Christmas parties (or things that weren't technically parties) that should never have been, disingenuous defences, evasiveness and U-turns, apparent disregard of rules that so many of us felt compelled to follow at great cost. It is easy to assess the government’s behaviour portrayed in the headlines of recent weeks and feel disappointed, bitter and angry.

At least, I hope I’m not the only one who is inclined to feel that way. Particularly as concerns around Covid once again begin to rise, along with anxieties about the effect it will have as we come closer to Christmas.

I will steer clear of offering you political assessments and forecasts, but instead, as some doom and gloom threatens to infringe upon our festive season, I want to offer you three unshakable, unchanging reasons for joy. 

Jesus is not surprised by the darkness


Over the last two years, the darkness of our broken world has been difficult to ignore: whether it’s been political scandals exposed, violence and hatred poisoning communities, sickness threatening beyond our doors, or freedoms taken and suddenly reinstated, bringing anxiety and division. Many of us have experienced deep grief as loved ones have been taken and the impossibly awful reality of death tells us more than anything else that this world is not as it should be. 

Jesus sees the darkness, and it does not surprise Him – although it grieves His heart too. When Jesus entered our world as a baby, He entered our darkness. He understands and has felt the pain that we know today. He has known, first-hand, abuse of power, injustice, violence, fear and the death of loved ones. Jesus can empathise with us in every way, and He invites us to approach Him with confidence (Hebrews 4:15 – 16). Whatever we are facing, however we are hurting, Jesus offers ears to listen and arms to comfort.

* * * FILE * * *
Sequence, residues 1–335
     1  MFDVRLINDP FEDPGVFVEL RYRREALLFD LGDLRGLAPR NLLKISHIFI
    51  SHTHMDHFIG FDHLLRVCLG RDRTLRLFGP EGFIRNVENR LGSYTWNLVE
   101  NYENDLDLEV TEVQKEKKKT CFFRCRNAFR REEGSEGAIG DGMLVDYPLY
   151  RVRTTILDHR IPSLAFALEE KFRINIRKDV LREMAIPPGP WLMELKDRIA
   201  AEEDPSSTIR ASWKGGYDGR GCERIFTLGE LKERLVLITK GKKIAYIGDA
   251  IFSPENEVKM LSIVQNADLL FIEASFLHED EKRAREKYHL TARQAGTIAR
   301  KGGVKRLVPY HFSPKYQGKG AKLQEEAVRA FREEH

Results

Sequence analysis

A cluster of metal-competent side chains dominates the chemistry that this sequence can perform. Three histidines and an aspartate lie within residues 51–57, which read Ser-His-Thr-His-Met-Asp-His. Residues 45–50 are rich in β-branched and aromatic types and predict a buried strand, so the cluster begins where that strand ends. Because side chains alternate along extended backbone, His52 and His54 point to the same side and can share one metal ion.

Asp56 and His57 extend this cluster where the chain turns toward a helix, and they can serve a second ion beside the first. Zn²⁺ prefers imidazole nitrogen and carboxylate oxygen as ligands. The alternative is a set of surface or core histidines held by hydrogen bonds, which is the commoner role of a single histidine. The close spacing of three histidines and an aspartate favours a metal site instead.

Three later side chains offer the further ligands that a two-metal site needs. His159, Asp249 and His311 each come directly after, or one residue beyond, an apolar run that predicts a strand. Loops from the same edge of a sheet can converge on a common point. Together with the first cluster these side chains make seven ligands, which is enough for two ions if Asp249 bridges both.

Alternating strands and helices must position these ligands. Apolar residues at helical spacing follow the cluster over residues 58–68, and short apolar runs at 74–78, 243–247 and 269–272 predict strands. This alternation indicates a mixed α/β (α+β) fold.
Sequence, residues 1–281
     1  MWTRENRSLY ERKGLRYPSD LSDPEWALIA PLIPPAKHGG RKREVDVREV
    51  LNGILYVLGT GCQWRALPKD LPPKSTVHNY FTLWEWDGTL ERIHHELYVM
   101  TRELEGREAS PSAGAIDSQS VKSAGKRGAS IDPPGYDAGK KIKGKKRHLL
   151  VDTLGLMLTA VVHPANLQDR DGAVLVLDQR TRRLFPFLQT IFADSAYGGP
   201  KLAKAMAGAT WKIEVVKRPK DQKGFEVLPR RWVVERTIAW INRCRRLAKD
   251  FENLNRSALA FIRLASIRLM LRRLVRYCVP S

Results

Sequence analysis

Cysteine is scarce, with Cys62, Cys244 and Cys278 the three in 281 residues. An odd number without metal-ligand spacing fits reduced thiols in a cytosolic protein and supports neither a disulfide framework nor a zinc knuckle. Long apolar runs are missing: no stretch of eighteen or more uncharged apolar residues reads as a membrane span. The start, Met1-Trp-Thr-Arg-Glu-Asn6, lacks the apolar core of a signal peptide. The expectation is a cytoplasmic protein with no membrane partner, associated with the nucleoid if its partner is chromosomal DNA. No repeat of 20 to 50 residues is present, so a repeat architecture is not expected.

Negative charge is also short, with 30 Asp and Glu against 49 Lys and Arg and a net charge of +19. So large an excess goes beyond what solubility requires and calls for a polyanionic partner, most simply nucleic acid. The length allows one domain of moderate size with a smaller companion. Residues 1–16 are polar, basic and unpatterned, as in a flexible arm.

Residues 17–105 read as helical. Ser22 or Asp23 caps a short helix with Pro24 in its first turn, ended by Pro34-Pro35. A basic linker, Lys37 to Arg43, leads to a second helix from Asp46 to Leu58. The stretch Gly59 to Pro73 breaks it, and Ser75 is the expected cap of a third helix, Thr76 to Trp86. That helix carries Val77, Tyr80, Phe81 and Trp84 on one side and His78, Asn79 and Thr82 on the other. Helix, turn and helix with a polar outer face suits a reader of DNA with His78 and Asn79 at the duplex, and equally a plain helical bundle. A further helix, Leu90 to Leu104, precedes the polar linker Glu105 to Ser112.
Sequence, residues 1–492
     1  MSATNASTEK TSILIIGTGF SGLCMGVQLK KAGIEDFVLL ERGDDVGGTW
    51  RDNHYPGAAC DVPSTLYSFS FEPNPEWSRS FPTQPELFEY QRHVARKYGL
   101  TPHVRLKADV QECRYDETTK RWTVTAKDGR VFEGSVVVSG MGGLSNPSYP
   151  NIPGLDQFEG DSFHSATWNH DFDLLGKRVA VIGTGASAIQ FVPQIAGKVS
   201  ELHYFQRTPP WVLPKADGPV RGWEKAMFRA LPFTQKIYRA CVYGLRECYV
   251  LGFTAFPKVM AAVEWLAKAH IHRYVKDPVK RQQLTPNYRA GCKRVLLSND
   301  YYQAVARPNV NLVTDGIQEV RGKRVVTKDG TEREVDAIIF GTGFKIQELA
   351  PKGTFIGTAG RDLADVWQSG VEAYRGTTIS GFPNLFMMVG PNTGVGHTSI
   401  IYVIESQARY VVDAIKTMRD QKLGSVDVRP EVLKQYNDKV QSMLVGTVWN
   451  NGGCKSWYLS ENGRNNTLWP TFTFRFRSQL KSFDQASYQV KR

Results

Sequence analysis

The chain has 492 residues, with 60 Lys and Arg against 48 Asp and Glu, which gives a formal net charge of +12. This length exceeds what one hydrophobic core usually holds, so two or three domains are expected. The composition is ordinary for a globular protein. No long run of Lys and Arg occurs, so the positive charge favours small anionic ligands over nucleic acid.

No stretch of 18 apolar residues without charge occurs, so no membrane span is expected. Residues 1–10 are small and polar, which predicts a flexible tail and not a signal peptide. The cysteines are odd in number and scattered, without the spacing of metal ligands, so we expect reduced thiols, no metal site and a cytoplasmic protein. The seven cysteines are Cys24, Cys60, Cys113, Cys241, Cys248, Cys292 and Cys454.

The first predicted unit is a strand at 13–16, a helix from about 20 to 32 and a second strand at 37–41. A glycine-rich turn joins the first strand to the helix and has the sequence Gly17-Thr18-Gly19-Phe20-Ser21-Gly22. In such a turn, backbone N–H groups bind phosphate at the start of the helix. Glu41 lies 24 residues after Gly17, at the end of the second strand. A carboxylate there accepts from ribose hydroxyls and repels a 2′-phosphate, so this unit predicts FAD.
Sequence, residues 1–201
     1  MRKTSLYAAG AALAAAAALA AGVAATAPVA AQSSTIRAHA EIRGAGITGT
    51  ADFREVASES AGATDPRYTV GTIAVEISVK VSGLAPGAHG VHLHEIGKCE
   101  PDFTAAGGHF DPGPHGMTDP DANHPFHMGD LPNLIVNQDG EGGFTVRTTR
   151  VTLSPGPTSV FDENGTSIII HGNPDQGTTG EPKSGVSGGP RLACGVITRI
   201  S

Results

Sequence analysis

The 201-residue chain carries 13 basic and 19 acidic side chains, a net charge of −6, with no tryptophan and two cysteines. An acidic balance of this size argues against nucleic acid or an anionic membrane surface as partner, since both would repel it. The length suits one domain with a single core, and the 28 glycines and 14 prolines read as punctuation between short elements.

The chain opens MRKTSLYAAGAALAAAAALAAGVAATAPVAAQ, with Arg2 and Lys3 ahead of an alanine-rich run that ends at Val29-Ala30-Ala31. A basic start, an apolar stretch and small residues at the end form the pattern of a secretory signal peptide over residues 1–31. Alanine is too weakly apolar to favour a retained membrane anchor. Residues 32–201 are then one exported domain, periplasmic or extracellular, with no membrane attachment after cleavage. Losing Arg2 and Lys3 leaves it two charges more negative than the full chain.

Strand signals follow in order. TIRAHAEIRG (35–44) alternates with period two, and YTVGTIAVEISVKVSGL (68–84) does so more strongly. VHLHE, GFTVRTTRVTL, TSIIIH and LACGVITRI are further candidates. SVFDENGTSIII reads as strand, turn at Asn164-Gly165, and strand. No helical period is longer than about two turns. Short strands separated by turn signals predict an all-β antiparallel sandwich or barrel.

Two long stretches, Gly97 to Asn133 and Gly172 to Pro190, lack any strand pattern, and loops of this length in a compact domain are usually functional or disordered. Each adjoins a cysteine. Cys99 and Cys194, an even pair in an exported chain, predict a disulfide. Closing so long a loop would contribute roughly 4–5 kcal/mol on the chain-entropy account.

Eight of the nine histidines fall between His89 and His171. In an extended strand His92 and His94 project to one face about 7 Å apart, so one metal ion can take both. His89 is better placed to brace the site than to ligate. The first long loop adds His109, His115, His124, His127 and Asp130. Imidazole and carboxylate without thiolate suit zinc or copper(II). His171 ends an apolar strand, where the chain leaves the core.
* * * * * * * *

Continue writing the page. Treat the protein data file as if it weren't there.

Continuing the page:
Jesus shines in the darkness

As the days have grown increasingly shorter, I am tempted to turn on the lights of our Christmas tree earlier and earlier. The darker it gets, the more beautiful those lights become, lighting up the gloom of a British winter. 

The darkness of our world has no hold on Jesus. Time and time again we see in the gospels that where others would touch someone ceremonially unclean and become unclean themselves, Jesus’ holiness, perfection and beauty are far more powerful. Those who touch Him take on His wholeness, becoming clean and holy. If anything, the darkness only serves to draw attention to His glorious light. 

Jesus says, I have come into the world as a light, so that no one who believes in me should stay in darkness,” (John 12:46), so let’s pray for our friends this Christmas, that in the darkness of the world they would be drawn to the light of Jesus Christ. Pray that they would see His goodness and desire to know Him and find salvation from the darkness of brokenness and sin. 

Jesus has overcome the darkness

Whatever darkness we are facing, we as Christians must never lose hope in our beautiful saviour. We do not need to worry about injustice reigning or the bad guys winning, or sickness and death ruling our lives. We feel, as we should, the heartache of a world in darkness, but remember that the ending to the story is already decided. 

The wonderful truth is that Christmas is really all about Easter. Jesus came into the world to make His dwelling among us, lived among us, revealed Himself to us and gave Himself over to death, in order to utterly destroy it. Jesus tore through the darkness with a brilliant light and, the darkness has not overcome it.”(John 1:5)! Death is defeated – that is how our story ends. 

So this Christmas, when you see Jesus in the manger, I encourage you to remember Jesus on Easter Sunday morning. Our risen, glorious, King of light. 

"The wonderful truth is that Christmas is really all about Easter."